What is music therapy?
Music therapy is the “clinical and evidence-based use of music interventions to accomplish individualized goals within a therapeutic relationship by a credentialed professional who has completed an approved music therapy program” (AMTA, 2016).
Where do music therapists work?
Music therapists work with a variety of clinical populations, and in our program we prepare students so they are able to be effective music therapists with all of their clients. Music therapists are commonly work with:
- Children and adults with cognitive disabilities
- Children and adults with physical disabilities
- Children and adults with sensory disabilities (e.g., vision and hearing loss)
- Children and adults with autism spectrum disorder
- Children and adults with emotional or behavior disorders
- People with psychiatric needs
- People in alcohol or drug addiction recovery
- Children and adults receiving care in medical settings (including oncology, long-term care, and rehabilitation)
- Older adults with memory care needs
- People in hospice care
Our alumni are employed by school systems, hospitals, hospice organizations, and many have started their own music therapy private practices to serve a variety of local agencies.
What should I do to prepare for a music therapy degree program?
A music therapy program is, first and foremost, a music program. Acceptance into a music degree program requires preliminary training in applied music (performance) and some knowledge of music theory and literature. Standards for acceptance may vary among different institutions, but these standards should be available in a catalog, online, or by conferring with a music therapy professor at a given school. The University of Alabama’s requirements and the additional School of Music admission requirements are listed in the catalog.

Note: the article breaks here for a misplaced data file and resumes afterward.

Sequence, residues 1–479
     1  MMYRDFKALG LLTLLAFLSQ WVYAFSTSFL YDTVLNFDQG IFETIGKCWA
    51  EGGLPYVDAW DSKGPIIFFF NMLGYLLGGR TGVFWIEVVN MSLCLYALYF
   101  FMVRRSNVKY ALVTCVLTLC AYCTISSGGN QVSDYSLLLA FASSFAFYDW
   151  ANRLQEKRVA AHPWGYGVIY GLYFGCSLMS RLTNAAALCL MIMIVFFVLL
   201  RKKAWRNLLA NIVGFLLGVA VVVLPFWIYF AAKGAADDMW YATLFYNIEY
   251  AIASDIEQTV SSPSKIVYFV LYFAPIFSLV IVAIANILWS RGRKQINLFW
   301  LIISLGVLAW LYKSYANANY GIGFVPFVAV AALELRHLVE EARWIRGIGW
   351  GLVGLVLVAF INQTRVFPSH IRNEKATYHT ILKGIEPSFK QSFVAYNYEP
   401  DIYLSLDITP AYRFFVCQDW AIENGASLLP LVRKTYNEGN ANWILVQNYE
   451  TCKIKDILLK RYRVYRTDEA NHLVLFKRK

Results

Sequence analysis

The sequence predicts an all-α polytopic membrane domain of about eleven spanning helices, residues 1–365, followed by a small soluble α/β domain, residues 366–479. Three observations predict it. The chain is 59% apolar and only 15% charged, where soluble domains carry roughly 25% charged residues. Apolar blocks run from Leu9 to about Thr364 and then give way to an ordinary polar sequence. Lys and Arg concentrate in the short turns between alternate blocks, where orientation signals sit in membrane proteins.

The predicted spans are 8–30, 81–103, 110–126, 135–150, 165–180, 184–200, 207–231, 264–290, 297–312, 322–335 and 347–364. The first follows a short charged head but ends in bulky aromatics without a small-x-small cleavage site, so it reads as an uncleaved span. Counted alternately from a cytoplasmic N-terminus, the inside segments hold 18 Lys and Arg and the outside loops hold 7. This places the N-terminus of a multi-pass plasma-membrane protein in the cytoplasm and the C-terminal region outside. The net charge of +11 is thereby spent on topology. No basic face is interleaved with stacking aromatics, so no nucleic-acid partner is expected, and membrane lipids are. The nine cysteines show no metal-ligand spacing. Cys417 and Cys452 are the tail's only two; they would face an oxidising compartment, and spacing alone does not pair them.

Many prospective therapy students wonder what personality characteristics are good indicators of success in this field. A real commitment to helping people, plus the musical and academic dedication necessary to complete a music major are essential, of course. Stability, objectivity, and a strong sense of humor are necessary for balance and perspective. The people with whom we work generally respond best to a person who has a strong sense of values, but who can refrain from judging others and focus on solutions.
Any music degree requires hard work from a student, and music therapy is no exception. Nevertheless, creatively using your musicianship to help someone get through a rough time can make the hard work seem more than worth the effort. If you would like to learn more about what it would mean to be a music therapy major at The University of Alabama, please contact the program director, Dr. Andrea Cevasco-Trotter, email@example.com.